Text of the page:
Welland History .ca

Historic EVENTS in and around Welland

TELEGRAPH CALENDARS

[Welland Telegraph, 3 January 1913]

Portrait of Sir Isaac Brock
Portrait of Laura Secord
Portrait of General Butler
Reproduction of old painting showing Sir Isaac Brock on horseback.

These four pictures are shown on The Telegraph’s handsome 1913 calendars. If you want a calendar ask for it. If to be sent by mail enclose stamp. Children will not be given calendars unless on written order of parents.

NEW BUSINESS BLOCK ON EAST MAIN STREET

Hugh A. Rose Will Erect Modern Brick Building to Replace Frame Structure

[Welland Telegraph, 18 April 1913]

              Another old frame structure on East Main is to be replaced by a modern brick business block. Hugh A. Rose is having plans prepared for a two-storey brick block, which will be built on the site of his present office building.

             The new block will have a frontage of thirty feet and will extend back from the street a distance of seventy feet. The first floor will be divided into two stores and several suites of several offices will compose the second floor, one of which will be occupied by Mr. Rose, himself.

             Building operations will be started about the first of June and it is hoped to have the block completed by the end of August.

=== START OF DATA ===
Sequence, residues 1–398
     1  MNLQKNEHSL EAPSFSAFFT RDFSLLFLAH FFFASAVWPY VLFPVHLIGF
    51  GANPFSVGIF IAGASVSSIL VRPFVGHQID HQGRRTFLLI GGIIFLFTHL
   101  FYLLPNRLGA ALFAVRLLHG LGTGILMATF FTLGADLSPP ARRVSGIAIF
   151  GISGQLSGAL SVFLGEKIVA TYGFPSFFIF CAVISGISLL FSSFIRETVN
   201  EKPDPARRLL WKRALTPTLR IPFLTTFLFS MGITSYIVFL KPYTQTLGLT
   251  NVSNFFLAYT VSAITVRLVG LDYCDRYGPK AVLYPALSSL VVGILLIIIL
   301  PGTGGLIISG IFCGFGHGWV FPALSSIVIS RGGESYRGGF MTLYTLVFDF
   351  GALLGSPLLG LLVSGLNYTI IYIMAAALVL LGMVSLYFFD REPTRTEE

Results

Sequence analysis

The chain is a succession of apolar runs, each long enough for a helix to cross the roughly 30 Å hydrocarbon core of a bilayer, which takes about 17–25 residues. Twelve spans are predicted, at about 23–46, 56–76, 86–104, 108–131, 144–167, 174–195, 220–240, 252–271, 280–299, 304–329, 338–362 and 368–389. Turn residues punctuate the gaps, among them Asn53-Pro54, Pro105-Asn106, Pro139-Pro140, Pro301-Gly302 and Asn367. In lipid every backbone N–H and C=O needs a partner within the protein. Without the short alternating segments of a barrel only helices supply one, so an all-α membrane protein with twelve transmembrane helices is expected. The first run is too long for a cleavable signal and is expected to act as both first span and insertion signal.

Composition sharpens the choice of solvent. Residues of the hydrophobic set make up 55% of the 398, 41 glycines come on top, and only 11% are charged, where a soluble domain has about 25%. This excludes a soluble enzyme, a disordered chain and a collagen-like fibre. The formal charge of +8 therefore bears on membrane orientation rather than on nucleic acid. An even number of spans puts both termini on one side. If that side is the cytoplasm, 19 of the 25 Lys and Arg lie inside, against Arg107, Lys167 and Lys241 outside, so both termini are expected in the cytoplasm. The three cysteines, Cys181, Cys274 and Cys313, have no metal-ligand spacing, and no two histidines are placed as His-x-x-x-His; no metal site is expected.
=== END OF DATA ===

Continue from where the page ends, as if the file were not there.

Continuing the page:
T.L. Nichols in the architect.

WANTED CONCRETE ROADWAYS

Board of Trade Favors the New Highway

[Welland Telegraph, 14 February 1913]

              A meeting of the Board of Trade was held in the town hall on Wednesday evening. Following the reading of the general correspondence, a discussion on good roads and the removal of the town garbage completed the remainder of the evening.

             Mr. Hatt, in reference to the good roads question, said that it was plain to see that macadam was not the thing for Welland roads. Personally he was interested in concrete as an improvement on macadam. “The Canada Cement Co.,” he said, “have a man who is lecturing on concrete for roads, showing the possibilities and advantages over other mediums. They will send a man to Welland on March 3rd , and it would be a good thing to call a special public meeting to discuss the matter.”

             Mr. Hickey proposed that Mr. Brunner of the Canada Cement Co. should address the Board of Trade on the subject and give all information as to the cost of concrete for roadways.

             Mr. Rainer proposed that it would be a good thing to form an agricultural committee as an addition to the other committees and to ask Mr. Austin to take charge of it. This was carried.